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Q: Speeches in British Parliament, 1835 ( Answered 4 out of 5 stars,   1 Comment )
Subject: Speeches in British Parliament, 1835
Category: Reference, Education and News > Teaching and Research
Asked by: doctrepreneur-ga
List Price: $2.00
Posted: 15 Jan 2004 08:41 PST
Expires: 14 Feb 2004 08:41 PST
Question ID: 296771
How can I get a link or access to a speech by Lord McCauley in the
British Parliament, February 1835, commonly referred as the Minutes.
Subject: Re: Speeches in British Parliament, 1835
Answered By: justaskscott-ga on 15 Jan 2004 09:48 PST
Rated:4 out of 5 stars
Hello doctrepreneur,

Here are two versions of the "Minute" on education in India by Lord
Macauley (Thomas Babington Macauley), dated 2nd Feburary 1835.  The
first text appears more authoritative, but you can check it against
the second one just in case.

"Macaulay's Minute on Education, February 2, 1835"
Project South Asia [Missouri Southern State University]

"Lord Macauley: The Man Who Started It All, and His Minute", by M. S.
Thirumalai, Ph. D. (4 April 2003) [starting in section 19, near the
middle of the page]
Language in India

- justaskscott

Search terms used, in various combinations, on Google:

"lord mccauley"
"lord macauley"

Request for Answer Clarification by doctrepreneur-ga on 15 Jan 2004 15:04 PST
Someone attributed the following statement to Lord McCauley in his
speech of Feb 2,1835 (The Minutes):
"I have traveled across the length and breadth of India and I have not
seen one person who is a beggar, who is a thief. Such wealth I have
seen in this country, such high moral values, people of such caliber,
that I do not think we would ever conquer this country, unless we
break the very backbone of this nation, which is her spiritual and
cultural heritage, and, therefore, I propose that we replace her old
and ancient education system, her culture, for if the Indians think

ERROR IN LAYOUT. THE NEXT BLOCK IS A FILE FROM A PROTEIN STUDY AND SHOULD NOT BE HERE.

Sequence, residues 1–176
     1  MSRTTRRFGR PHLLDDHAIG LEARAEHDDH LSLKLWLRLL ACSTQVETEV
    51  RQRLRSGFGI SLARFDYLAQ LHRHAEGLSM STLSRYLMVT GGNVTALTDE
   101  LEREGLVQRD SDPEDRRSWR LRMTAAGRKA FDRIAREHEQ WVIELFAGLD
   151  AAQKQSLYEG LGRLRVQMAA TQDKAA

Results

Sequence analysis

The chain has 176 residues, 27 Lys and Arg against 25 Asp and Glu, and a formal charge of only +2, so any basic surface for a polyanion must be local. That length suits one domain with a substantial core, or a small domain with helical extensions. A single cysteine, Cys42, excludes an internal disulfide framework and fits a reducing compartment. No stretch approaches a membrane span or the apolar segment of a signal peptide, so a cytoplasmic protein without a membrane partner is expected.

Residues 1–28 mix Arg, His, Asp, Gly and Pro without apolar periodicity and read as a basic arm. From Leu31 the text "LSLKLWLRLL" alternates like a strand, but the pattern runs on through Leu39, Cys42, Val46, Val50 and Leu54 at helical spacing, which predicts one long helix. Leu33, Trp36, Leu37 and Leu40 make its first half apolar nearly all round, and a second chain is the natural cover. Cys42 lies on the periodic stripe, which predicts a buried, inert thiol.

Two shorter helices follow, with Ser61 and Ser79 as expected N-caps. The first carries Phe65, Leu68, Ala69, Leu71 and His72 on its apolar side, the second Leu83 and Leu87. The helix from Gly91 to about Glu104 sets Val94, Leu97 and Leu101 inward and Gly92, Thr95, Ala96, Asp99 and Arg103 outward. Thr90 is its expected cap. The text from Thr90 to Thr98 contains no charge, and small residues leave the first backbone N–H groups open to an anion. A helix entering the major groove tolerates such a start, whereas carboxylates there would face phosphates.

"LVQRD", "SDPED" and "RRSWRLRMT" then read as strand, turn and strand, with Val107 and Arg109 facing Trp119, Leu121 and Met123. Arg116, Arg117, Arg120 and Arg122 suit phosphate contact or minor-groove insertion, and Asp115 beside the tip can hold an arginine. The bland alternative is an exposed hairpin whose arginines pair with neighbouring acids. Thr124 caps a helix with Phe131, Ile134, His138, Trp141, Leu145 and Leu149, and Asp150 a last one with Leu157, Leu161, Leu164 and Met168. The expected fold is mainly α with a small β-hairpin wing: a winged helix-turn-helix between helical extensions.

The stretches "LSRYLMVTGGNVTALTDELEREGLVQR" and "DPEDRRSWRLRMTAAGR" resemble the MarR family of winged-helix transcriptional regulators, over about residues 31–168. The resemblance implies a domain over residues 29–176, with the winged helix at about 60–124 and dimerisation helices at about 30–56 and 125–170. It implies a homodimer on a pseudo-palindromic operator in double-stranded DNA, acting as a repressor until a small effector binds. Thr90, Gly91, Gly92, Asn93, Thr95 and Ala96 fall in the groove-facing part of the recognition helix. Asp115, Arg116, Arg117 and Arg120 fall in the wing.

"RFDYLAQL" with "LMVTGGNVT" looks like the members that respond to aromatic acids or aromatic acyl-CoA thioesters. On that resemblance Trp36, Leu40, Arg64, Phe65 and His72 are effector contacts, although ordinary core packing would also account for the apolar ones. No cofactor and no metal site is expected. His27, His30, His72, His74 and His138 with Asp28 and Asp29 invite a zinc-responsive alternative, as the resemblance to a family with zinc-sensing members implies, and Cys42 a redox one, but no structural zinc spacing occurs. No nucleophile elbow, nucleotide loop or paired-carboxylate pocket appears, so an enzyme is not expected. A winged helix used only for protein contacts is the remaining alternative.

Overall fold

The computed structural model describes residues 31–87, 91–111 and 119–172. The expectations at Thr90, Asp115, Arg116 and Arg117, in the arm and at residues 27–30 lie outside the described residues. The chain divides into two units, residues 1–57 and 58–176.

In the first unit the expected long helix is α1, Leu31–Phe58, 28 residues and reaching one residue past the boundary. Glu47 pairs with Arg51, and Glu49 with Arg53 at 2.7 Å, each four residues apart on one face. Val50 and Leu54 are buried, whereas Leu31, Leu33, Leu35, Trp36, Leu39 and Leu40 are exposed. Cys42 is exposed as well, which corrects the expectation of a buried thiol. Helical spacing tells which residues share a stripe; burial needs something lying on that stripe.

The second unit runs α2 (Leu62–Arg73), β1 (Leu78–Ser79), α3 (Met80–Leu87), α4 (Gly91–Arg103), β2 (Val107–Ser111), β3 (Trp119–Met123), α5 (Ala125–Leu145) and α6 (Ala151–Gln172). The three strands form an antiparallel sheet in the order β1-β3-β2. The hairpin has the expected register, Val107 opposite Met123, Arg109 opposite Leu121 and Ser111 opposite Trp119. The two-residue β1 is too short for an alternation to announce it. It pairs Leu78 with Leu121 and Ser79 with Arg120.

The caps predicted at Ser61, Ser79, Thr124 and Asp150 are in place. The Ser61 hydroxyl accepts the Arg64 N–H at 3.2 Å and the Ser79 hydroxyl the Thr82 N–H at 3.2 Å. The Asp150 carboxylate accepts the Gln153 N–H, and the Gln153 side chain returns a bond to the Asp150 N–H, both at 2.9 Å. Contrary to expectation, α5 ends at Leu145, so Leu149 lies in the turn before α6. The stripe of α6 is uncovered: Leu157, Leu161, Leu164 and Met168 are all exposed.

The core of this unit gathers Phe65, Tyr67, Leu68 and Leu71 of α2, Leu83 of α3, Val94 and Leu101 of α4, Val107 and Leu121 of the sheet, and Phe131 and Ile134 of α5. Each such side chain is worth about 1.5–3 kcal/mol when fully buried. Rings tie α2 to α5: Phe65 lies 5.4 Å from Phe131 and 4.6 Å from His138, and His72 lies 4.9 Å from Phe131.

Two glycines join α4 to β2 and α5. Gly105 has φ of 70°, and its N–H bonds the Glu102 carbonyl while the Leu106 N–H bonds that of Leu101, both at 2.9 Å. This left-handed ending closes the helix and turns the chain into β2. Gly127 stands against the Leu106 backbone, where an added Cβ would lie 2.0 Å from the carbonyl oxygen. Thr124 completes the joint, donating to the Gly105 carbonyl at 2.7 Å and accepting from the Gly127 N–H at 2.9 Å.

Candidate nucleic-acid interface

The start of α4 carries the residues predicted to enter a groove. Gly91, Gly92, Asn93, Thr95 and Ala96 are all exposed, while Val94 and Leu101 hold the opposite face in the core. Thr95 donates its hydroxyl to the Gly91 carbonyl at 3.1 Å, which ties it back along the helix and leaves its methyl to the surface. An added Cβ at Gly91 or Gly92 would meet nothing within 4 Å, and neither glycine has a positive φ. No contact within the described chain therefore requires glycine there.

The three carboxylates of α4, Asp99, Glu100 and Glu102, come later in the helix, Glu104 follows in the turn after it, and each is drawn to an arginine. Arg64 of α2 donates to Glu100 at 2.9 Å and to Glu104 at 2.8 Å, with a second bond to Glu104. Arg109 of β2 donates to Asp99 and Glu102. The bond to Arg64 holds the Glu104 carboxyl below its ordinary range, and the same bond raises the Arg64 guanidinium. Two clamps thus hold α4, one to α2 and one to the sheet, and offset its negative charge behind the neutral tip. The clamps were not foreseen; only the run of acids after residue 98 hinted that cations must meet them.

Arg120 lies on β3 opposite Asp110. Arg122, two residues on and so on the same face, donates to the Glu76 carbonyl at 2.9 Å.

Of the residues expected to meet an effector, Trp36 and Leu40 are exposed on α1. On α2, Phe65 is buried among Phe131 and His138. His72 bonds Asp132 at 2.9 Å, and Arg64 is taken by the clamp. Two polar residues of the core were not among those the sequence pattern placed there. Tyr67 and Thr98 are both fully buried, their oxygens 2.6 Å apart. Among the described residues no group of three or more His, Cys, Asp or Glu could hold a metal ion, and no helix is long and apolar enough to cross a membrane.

that all that is foreign and English is good and greater than their
own, they will lose their self-esteem, their native self-culture and
they will become what we want them, a truly dominated nation?.

I did not see anything like this in the text.  I am assuming that like
so much other falsehoods this attribution to Lord Macauley is not
true. Is it somewhere else? Comments?

Clarification of Answer by justaskscott-ga on 15 Jan 2004 15:49 PST
In many instances where these statements are attributed to Macauley,
the "quotation" is preceded by: "His words were to this effect".  The
source is often cited as "The Awakening Ray, Vol. 4 No. 5, The Gnostic
Centre ... Reproduced in Niti issue of April, 2002 at p. 10 - a
periodic publication of Bharat Vikas Parishad, Delhi."  So it seems
that this "quotation" is really a paraphrase (or a
reading-between-the-lines) from "The Awakening Ray", which has been
repeated on various pages, sometimes without correct attribution.

'Searched the web for "i have traveled across the length"'

'Searched the web for "i have travelled across the length"'

If I had a dime (or 10p, or rupee) for every misquotation or
miscitation on the Web, I'd literally be a millionaire.  It's good
that you checked this quotation out, before perpetuating the
attribution to Macauley.
doctrepreneur-ga rated this answer:4 out of 5 stars
I should have asked the question more sharply rather than ask it again
in the comments.

Subject: Re: Speeches in British Parliament, 1835
From: ashishjog-ga on 27 Oct 2004 01:18 PDT
It is a general misconception that this is a part of Lord McCauley's
speech to British Parliament because Lord McCauley arrived in India on
10th June 1834 and returned to England in early 1838. If in 1835 he
was in India then how could he have delivered a speech in the British
Parliament. Let me also add that he arrived in India by a 3 month long
journey by ship so there is no chance that the Lord made a quick visit
to England (British Airways did not exist at that time) for delivering
this speech.

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